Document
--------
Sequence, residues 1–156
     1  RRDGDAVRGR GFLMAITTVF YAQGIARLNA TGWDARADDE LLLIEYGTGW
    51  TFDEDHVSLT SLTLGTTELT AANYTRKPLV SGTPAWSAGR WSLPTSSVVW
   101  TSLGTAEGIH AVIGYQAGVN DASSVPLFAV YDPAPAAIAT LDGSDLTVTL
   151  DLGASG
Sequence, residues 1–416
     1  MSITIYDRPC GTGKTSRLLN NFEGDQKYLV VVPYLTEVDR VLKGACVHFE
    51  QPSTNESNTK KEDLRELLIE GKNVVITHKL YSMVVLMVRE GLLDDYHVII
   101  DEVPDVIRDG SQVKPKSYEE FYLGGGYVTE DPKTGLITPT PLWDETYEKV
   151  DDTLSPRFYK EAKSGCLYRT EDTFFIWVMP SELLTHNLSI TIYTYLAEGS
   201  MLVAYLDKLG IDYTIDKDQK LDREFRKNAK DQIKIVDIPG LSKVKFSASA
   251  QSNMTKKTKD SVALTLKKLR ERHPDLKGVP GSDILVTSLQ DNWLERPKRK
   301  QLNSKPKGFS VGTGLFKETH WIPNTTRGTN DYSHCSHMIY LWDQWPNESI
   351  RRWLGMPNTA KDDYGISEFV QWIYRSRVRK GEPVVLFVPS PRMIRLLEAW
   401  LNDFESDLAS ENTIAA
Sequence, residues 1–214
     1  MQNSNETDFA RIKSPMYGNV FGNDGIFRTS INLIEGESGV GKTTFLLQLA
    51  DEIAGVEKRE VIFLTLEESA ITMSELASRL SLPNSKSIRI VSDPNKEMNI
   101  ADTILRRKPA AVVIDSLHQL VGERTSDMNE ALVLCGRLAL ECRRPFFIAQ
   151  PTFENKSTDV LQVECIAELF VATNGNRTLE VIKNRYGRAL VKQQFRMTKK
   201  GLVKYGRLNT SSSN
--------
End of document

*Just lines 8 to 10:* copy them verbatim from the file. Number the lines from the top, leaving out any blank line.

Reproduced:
    51  QPSTNESNTK KEDLRELLIE GKNVVITHKL YSMVVLMVRE GLLDDYHVII
   101  DEVPDVIRDG SQVKPKSYEE FYLGGGYVTE DPKTGLITPT PLWDETYEKV
   151  DDTLSPRFYK EAKSGCLYRT EDTFFIWVMP SELLTHNLSI TIYTYLAEGS